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Perry County Clerk Holds Meeting On The Benefits Of Coal Mining

By: Peter O'Connor Email
By: Peter O'Connor Email

Some environmentalists say coal mining is destroying the region, while others say it's what keeps the area moving forward.

Now one group is planning on spreading its message about coal to everyone they can.

Perry County Clerk Haven King says through coal, he and many others are able to live. But in a recent Kentuckians for the Commonwealth meeting, environmentalists spoke out against mining, citing bad water, dust, and loss of wildlife as some of the reasons why certain forms of mining need to stop. But Friday night, King held his own meeting with a plan to educate the public on the benefits of coal mining and promote one of the regions oldest natural resources.

For many in the mountains, coal mining puts food on the table and pays the bills.

“We are doing a good job. We don't need to apologize for being a coal miner. I am proud to be a coal miner. We don't need to apologize for being a coal miner,” says King.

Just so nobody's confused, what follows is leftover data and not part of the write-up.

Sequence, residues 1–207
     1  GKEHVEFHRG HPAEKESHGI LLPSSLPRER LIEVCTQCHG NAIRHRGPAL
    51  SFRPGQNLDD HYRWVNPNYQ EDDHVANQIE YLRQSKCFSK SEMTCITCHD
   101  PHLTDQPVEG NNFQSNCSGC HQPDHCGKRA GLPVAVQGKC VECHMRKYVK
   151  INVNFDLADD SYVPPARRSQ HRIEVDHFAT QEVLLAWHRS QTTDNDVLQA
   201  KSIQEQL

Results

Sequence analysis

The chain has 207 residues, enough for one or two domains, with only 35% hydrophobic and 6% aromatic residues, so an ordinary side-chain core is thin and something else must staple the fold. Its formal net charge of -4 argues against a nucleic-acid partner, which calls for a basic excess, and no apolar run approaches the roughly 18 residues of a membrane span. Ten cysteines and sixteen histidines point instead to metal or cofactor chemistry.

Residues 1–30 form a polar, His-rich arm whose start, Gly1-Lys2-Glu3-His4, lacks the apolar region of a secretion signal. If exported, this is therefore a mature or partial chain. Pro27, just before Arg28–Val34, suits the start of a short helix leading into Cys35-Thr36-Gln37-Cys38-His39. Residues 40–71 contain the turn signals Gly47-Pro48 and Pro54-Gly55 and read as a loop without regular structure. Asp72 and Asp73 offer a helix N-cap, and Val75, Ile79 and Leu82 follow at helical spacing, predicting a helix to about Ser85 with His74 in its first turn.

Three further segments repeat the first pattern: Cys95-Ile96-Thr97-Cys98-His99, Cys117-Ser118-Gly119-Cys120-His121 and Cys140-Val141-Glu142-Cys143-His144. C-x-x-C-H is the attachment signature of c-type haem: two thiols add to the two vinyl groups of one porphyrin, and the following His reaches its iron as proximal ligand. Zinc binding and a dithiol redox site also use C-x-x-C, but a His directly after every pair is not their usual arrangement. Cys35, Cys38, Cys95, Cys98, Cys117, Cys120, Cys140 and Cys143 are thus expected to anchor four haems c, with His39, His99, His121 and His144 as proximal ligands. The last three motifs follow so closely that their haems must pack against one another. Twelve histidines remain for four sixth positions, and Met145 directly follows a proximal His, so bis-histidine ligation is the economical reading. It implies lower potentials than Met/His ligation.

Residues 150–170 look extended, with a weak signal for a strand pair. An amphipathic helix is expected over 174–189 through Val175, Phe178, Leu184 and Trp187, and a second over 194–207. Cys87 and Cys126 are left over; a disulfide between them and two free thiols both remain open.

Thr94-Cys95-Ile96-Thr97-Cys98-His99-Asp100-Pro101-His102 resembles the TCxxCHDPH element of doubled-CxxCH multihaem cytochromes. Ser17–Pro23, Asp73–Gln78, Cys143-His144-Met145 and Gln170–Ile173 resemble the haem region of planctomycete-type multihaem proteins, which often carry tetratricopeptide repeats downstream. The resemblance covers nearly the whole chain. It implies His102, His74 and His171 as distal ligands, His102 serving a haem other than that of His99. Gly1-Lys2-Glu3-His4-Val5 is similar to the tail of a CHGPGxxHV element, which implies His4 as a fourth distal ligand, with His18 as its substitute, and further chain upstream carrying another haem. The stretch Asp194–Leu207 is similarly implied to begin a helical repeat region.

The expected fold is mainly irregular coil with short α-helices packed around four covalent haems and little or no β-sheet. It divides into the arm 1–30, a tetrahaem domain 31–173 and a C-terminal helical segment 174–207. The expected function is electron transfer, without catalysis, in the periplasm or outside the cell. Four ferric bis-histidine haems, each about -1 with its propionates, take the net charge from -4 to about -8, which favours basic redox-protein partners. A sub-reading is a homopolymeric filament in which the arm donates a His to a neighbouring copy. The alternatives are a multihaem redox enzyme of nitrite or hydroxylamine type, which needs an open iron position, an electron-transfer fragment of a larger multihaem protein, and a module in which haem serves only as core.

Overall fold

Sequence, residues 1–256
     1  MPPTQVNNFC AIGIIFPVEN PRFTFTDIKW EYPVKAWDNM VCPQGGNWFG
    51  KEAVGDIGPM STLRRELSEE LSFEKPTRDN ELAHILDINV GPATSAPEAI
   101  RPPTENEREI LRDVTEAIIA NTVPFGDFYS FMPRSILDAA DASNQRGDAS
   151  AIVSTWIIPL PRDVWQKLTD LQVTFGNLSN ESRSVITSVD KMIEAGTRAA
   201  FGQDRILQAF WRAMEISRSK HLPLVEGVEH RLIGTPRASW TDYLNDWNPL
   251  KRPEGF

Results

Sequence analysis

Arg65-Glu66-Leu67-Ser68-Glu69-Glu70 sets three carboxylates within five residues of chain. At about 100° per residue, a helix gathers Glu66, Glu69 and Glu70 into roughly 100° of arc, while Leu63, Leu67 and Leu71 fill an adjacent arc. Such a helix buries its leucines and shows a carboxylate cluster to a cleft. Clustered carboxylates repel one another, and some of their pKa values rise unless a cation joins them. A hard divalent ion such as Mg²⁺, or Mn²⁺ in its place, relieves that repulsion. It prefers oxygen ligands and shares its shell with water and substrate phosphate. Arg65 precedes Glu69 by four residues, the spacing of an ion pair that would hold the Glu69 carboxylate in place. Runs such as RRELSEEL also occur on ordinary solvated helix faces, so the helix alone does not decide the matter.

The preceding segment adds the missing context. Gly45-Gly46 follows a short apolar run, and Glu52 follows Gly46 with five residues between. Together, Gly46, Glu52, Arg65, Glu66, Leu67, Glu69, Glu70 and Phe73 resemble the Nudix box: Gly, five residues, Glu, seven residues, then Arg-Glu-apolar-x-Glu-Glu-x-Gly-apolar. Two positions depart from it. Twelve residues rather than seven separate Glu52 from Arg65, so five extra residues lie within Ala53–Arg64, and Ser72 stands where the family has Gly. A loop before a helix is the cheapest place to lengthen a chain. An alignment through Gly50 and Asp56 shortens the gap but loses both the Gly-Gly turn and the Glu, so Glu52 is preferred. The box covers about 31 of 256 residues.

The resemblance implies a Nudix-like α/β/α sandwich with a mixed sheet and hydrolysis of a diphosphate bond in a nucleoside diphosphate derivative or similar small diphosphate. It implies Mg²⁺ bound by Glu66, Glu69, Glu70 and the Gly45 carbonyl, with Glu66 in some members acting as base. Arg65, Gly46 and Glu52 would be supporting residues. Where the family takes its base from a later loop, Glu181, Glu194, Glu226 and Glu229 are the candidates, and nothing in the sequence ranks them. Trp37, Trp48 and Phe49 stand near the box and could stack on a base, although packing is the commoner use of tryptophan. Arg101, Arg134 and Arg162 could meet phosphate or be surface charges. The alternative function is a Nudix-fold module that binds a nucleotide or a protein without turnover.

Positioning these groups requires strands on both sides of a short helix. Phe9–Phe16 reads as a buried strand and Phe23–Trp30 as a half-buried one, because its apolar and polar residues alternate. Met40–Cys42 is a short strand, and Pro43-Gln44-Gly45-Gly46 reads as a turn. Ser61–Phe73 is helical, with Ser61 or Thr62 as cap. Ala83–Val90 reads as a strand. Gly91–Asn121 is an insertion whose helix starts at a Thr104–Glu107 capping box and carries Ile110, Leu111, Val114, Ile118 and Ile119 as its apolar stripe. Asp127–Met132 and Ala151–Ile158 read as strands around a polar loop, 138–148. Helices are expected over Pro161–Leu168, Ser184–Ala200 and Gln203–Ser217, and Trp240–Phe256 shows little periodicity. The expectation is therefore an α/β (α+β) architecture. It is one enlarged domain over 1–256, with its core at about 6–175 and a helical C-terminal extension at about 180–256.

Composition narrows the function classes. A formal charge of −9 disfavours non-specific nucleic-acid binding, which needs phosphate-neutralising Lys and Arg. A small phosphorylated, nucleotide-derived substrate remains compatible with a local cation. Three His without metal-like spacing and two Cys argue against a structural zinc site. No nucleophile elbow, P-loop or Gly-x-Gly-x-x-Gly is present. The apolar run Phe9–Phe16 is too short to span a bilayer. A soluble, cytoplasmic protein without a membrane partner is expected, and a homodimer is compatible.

Environmentalists continue to speak out against mining, and that's why Perry King says he formed the “Coal Mining: Our Future” Coalition. King says the group is already making itself clear on where they stand.

“We were able to stop that stream saver bill from coming out of committee because our people wrote, and we processed 1,150,000 letters that we took to those legislators,” says King.

King along with some local coal companies make up the group with a clear purpose to educate the public and promote the benefits of coal mining.

Don Gibson with International Coal Group says besides the elk population flourishing and the economy growing, the benefits of coal are endless.

“Not only do you promote tree growth, you protect areas from flooding. You know how long has it been since we've had water standing in the streets of Hazard,” says Gibson.

Gibson says he understands the need to protect the environment, and says the coal industry has made adjustments.

“You know, we are not doing anything adversely different then what we have done in the last 30 years. If anything, we are doing things more environmental friendly,” says Gibson.

Perry County’s Clerk says their advertising campaign will begin soon.

King says he plans to roll-out a huge promotion of coal at the Black Gold Festival in September.


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